The Global Council on Brain Health (GCBH) examined the state of science on the impact diet has on brain health in adults age 50 and older. GCBH experts carefully considered what can be confidently concluded about whether and how dietary patterns and food choices influence brain health. The new report provides specific recommendations on which foods to encourage, include or limit in adults’ diets. The GCBH gives people 12 practical tips to incorporate healthy eating habits to help maintain brain health.
The news may surprise those who drink wine and coffee or nibble chocolate because they have heard these things are good for their brain. The GCBH experts report that any benefit is unclear because there is no scientific consensus that incorporating these popular food and drinks are beneficial to one’s brain health. So what should you eat? A heart-healthy diet is also a brain-healthy diet. The GCBH found that a plant-based diet rich in green leafy vegetables and berries contributes to better brain health, while a diet high in red meat, saturated fats, sugar and salt can harm your brain health. Instead, choose a variety of fruits and vegetables and healthy grains; while you swap out butter and red meats for more olive oil and omega-3 rich fish.
To complement the GCBH’s report, AARP surveyed a nationally representative sample of more than 2,000 adults age 40 and older to understand the relationship between their eating habits and their mental well-being and brain health. The survey identifies what older Americans say they are eating now, their willingness to eat a healthier diet when they know it can impact their brain and the barriers preventing them from eating healthier choices. Survey results can be found in the section below.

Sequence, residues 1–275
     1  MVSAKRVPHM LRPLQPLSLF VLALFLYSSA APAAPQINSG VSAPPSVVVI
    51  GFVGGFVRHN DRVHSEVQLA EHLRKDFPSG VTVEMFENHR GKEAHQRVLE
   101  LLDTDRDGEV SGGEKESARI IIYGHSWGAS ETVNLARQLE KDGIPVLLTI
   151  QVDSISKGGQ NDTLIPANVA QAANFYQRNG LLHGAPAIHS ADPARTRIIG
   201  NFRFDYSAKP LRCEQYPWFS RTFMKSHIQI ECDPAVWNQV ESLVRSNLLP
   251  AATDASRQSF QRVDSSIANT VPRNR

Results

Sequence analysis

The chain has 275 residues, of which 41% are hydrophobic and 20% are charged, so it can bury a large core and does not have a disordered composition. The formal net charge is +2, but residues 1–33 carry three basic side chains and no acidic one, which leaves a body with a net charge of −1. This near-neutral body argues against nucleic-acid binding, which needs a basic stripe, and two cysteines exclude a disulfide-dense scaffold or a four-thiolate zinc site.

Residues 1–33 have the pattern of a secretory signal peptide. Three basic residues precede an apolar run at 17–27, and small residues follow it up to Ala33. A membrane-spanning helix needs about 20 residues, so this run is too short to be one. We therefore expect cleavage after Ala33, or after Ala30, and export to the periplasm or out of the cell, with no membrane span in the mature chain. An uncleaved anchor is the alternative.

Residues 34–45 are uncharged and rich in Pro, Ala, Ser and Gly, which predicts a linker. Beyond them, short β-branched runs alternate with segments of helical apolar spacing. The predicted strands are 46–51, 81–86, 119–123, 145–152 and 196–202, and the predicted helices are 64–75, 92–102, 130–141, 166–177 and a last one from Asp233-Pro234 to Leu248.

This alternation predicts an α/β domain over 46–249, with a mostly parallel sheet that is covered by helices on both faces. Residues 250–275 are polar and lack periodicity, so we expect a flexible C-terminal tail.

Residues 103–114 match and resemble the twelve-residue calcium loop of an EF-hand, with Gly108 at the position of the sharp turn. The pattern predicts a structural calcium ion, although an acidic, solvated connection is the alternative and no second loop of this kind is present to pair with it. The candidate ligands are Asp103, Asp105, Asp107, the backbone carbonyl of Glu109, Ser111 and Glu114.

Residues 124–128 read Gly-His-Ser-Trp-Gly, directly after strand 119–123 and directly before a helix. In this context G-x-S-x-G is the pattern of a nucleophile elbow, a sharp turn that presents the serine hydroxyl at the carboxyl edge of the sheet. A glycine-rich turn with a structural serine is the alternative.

As a result of these deliberations, the GCBH Governance Committee approved the following recommendations on nutrition and brain health for people as they age.
To find out more about healthy eating for your brain, see this article by Victoria Sackett.
The more servings of fruits/vegetables consumed in a typical day, the better the brain health, overall health, and mental well-being. Learn more
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Eating right is important for heart and brain health. Available in Arabic, Chinese, French and Spanish translations.
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LAWRENCE APPEL, M.D., MPH
Johns Hopkins University, USA
GIOVAMBATTISTA DESIDERI, M.D.
University of L’Aquila, Italy
PRESTON ESTEP, PH.D.
Veritas Genetics, USA
JOSÉ A. LUCHSINGER, M.D., MPH
Columbia University, USA
STEFANI MAGGI, M.D., MPH, PH.D.
National Research Council, Italy
SIMIN MEYDANI, D.V.M, PH.D.
Tufts University, USA
OLIVIA OKEREKE, M.D., M.S.
Brigham and Women’s Hospital, USA
IRWIN ROSENBERG, M.D.
NIKOLAOS SCARMEAS, M.D.
National and Kapodistrian University of Athens, Greece; Columbia University, USA
ARON TROEN, DPHIL.
The Hebrew University of Jerusalem, Israel
JEAN WOO, M.D.
The Chinese University of Hong Kong, China
Global Council on Brain Health. Brain Food: GCBH Recommendations on Nourishing Your Brain Health. Washington, DC: Global Council on Brain Health, January 2018. https://doi.org/10.26419/pia.00019.001
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